The Youth of Things
Life and Death in the Age of Kajii Motojiro
When he died from tuberculosis at the age of thirty-one, Kajii Motojirō had written only twenty short stories. Yet his life and work, it is argued here, sheds light on a significant moment in Japanese history and, ultimately, adds to our understanding of how modern Japanese identity developed. By the time Kajii began to write in the mid-1920s there was heated debate among his peers over “legitimate” forms of literary expression: Japanese Romantics questioned the value of a western-inspired version of modernity; others were influenced by Marxist proletarian literature or modernist experimentation; still others tried to create a distinctly Japanese fictional style that concentrated on first-person perspective, the so-called “I-novel.” There was a general sense that Japan needed to reinvent itself, but writers and artists were at odds over what form this reinvention should take. Throughout his career, Kajii drew from these various camps but belonged to none of them, making his work an invaluable indicator of a culture in crisis and transition.
The Youth of Things is the first full-length book devoted to Kajii Motojirō. It brings together English translations of nearly all his completed stories with an analysis of his literature in the context of several major themes that locate him in 1920s Japan. In particular, Dodd links the writer’s work with the physical body: Kajii’s subjective literary presence was grounded first and foremost in his TB-stricken physical body, hence one cannot be studied without the other. His concerns with health and mortality drove him to play a central role in constructing a language for modern literature and to offer new insights into ideas that intrigued so many other Taishō intellectuals and writers. In addition, Kajii’s early years as a writer were strongly influenced by the cosmopolitan humanism of the White Birch (Shirakaba) school, but by the time his final work was published in the early 1930s, an environment of greater cultural introspection was beginning to take root, encapsulated in the expression “return to Japan” (nihon kaiki). Only a few years separate these two moments in time, but they represent a profound shift in the aspirations and expectations of a whole generation of writers. Through a study of Kajii’s writing, this book offers some sense of the demise of one cultural moment and the creation of another.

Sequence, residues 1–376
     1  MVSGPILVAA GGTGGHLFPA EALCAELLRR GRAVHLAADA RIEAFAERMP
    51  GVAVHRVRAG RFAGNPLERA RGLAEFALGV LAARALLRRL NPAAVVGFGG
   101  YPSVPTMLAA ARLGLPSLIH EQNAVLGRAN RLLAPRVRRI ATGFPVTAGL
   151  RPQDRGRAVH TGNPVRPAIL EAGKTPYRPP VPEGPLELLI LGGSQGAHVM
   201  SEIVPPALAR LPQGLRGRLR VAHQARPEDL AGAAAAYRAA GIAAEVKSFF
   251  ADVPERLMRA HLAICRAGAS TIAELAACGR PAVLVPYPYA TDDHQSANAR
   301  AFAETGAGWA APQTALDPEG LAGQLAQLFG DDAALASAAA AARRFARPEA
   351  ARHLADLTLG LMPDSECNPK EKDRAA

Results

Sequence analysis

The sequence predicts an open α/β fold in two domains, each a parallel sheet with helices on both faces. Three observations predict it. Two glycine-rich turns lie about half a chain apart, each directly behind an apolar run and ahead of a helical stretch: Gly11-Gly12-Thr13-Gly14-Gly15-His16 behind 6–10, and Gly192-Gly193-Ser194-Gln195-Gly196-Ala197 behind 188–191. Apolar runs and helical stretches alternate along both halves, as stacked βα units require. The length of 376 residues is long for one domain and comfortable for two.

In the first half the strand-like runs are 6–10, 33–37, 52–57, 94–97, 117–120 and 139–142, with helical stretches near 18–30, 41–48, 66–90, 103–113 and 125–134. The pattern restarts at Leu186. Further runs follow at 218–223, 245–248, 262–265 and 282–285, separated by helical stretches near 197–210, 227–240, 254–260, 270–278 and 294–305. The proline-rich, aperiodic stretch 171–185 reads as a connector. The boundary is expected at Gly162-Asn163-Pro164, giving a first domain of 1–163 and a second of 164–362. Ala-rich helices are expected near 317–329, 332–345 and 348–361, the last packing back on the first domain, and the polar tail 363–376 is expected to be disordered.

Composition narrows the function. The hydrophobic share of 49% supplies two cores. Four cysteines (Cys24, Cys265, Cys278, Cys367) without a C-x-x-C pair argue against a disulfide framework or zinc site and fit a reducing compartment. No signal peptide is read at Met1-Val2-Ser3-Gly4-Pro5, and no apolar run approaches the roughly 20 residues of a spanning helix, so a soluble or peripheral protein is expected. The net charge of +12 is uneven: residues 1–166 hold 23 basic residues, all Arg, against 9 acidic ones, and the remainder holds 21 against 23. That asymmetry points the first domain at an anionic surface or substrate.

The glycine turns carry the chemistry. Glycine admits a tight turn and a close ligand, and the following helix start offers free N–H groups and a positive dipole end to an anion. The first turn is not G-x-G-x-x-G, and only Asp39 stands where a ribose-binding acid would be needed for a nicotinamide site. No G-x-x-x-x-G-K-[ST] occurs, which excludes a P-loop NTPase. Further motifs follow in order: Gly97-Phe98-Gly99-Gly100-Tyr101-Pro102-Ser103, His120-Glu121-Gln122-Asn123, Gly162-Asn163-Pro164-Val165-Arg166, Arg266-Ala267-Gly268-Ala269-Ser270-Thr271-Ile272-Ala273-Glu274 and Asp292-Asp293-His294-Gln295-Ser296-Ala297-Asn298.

This critical study provides a welcome addition to existing scholarship on this period in Japanese literary history, so frequently dominated by studies of more canonical writers. . . . Together, the eighteen stories offer a well-rounded picture of the breadth and depth of Kajii’s brilliant, if short-lived literary career.
Stephen Dodd’s The Youth of Things forces reflection on the state of Japanese literary studies in the English language, not because it is typical of work being done today or an exemplar for future scholarship, but because it highlights the difficulties, decisions, and positions that cultural scholarship in area studies must engage and overcome. . . . The Youth of Things offers the opportunity for English-reading audiences to access more of Kajii than ever before, including some of his more obscure stories for the first time and in one place.
The matter of life and death sits at the heart of every question that people ask. Literature is one way of engaging with that matter.
The early death of Kajii Motojirō (1901–1932) from tuberculosis (TB) meant that he left about twenty finely crafted short stories and a larger number of unfinished works. He was already attracting positive responses from a number of fellow writers during his lifetime, and the fact that the major literary critic Kobayashi Hideo (1902–1983) addressed Kajii’s work in an article in 1932 indicates that this was a young writer worthy of note for members of the literary establishment (bundan).1 Kajii’s final story, “The Carefree Patient” (1932),2 journal Chūō kōron demonstrated the publishing world’s confidence that this author had the potential to appeal to a national audience. But it was not until after World War II that Kajii gained a wider critical readership. Today, most Japanese are familiar with Kajii, if at all, from their reading in high school of “Lemon” (1925),3 established his reputation for a poetically inspired prose style, an almost obsessive attention to detail, and intriguing narrative plots.
The brevity of Kajii’s seven-year writing career has inevitably marked him as a minor writer in the history of modern Japanese literature. Despite this, there is a considerable body of critical works devoted to Kajii in Japan, although it is largely biographical in nature.4 The most extensive Japanese study to date is by Suzuki Sadami, who not only supplies a huge amount of background information but also explores the writer’s relationship with wider literary trends and social currents.5 However, although Suzuki’s book covers a wide range of topics, it does not pursue any particular area in great depth. Among scholars outside Japan, Kajii has received surprisingly little attention to date. There is only one full-length study and translation of Kajii’s literature, by Christine Kodama de Larroche, written in French.6 My book not only offers translations into English of almost all his completed stories for the first time but also presents an introductory series of chapters that try to demonstrate ways in which his writing can be seen to provide important insights into the broader literary and cultural environment of his age.